If you are interested in the Nigerian smartphone market and really would love some info you can use, here are some quick facts released courtesy of front line mobile developer, Emeka Okoye:
– Among the 125m active mobile subscribers in Nigeria, only 4m smartphones are in use. That is less than 3.2% of the country’s mobile subscribers.
– Nigeria’s 4m smartphones is third place behind South Africa (11m) and Egypt (7m).
– There are an estimated 1.8m BBM users in the country.
What do we make out of the above figures? For one, it is clear that Nigeria is still very much a feature phone market. If smartphones make up only 3.2% of the country’s mobile subscribers, you can see why that list of top selling phones is just absolutely ridiculous. Developers take note. If you want the numbers, do SMS, java or mobile web. Of course, you can still be a success chasing the 4m smartphones, depending on the demographics you are after.
These stats lend support to my position that BlackBerry which enjoyed significant growth in the Nigerian market about a year ago has hit a plateau. Many BlackBerry purchases today seem to be merely repeat buyers upgrading their phones. Things will get worse too if the manufacturer sticks to selling their new BB10 smartphones at bank-bursting prices. Very few old BB users in the country can currently afford to upgrade to BB10. That means when they need an up-to-date mobile, they are likely to go the route of Android or Windows Phone.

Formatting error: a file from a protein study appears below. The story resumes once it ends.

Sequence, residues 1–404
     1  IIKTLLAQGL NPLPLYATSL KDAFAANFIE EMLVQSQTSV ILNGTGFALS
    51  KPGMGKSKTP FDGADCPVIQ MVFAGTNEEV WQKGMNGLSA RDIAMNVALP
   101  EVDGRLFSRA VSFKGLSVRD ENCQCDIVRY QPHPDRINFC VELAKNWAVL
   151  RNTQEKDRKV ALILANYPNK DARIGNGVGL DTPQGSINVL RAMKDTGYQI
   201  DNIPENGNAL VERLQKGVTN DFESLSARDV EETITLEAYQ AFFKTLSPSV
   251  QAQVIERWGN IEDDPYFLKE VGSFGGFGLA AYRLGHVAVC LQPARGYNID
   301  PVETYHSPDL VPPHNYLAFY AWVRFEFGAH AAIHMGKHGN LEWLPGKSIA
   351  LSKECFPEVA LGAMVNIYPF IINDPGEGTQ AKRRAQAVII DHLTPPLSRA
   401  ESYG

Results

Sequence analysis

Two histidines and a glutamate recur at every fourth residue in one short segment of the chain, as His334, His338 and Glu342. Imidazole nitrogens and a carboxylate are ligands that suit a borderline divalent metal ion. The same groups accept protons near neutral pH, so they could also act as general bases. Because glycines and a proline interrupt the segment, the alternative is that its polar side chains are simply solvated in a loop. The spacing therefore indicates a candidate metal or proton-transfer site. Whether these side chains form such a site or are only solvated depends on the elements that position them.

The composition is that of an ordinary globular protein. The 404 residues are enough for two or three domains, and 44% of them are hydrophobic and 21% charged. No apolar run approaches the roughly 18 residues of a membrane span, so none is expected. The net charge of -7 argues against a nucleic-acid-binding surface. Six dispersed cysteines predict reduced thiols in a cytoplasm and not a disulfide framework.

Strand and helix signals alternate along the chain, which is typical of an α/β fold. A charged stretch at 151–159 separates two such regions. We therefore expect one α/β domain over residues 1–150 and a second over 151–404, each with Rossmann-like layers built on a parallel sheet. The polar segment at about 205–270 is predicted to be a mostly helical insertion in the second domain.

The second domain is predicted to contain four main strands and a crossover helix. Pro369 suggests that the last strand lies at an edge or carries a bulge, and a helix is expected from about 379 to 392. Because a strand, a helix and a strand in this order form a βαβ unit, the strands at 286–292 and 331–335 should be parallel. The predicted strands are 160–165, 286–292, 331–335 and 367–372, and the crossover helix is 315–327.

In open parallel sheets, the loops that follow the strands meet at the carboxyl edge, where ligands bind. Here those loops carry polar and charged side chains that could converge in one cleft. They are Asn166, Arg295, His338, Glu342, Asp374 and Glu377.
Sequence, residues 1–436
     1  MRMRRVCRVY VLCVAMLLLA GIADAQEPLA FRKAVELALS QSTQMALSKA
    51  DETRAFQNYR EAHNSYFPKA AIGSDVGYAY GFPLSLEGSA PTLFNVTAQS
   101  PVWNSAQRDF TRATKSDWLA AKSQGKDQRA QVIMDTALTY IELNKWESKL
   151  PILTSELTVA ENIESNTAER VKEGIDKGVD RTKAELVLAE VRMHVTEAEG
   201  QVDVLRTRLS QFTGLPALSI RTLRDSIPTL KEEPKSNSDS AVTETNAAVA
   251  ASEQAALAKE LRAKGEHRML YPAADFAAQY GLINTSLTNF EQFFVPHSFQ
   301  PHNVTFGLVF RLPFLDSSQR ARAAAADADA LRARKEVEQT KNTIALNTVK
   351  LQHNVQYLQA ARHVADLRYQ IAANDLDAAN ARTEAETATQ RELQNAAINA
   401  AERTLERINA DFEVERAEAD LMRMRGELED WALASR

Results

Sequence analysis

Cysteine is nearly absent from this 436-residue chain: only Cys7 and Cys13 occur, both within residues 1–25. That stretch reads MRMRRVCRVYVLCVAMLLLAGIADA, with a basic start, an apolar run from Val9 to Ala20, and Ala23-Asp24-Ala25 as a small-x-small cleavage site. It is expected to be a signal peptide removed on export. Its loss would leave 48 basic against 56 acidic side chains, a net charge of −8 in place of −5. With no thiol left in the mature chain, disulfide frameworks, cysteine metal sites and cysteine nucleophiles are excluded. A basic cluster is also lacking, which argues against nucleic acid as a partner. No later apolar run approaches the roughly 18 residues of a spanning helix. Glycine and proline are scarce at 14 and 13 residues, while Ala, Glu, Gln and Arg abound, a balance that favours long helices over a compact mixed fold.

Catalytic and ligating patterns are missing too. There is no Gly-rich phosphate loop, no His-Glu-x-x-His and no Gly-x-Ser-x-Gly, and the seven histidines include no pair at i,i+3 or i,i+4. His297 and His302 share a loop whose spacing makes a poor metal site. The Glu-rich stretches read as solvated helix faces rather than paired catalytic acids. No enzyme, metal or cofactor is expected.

Meanwhile, what could be responsible for Africa’s most vibrant mobile market and most populous country ranking at a far 3rd behind South Africa and Egypt in smartphones figures? Egypt has 3m more smartphones than Nigeria does. South Africa has 7m more! Purchasing power of the huge chunk of the population is one clear factor. What else? Enlightenment levels?
Finally, courtesy of Tomi Ahonen, we know that the African smartphone market itself isn’t growing at a superb rate. With just 2% of the global smartphone market as at April 2013, Africa is far from becoming a vibrant place to sell smartphones. The potential is there – cheap Android smartphones are flooding the market, but those haven’t made a huge difference yet. Perhaps when we get a smartphone platform that meets the needs of African users?
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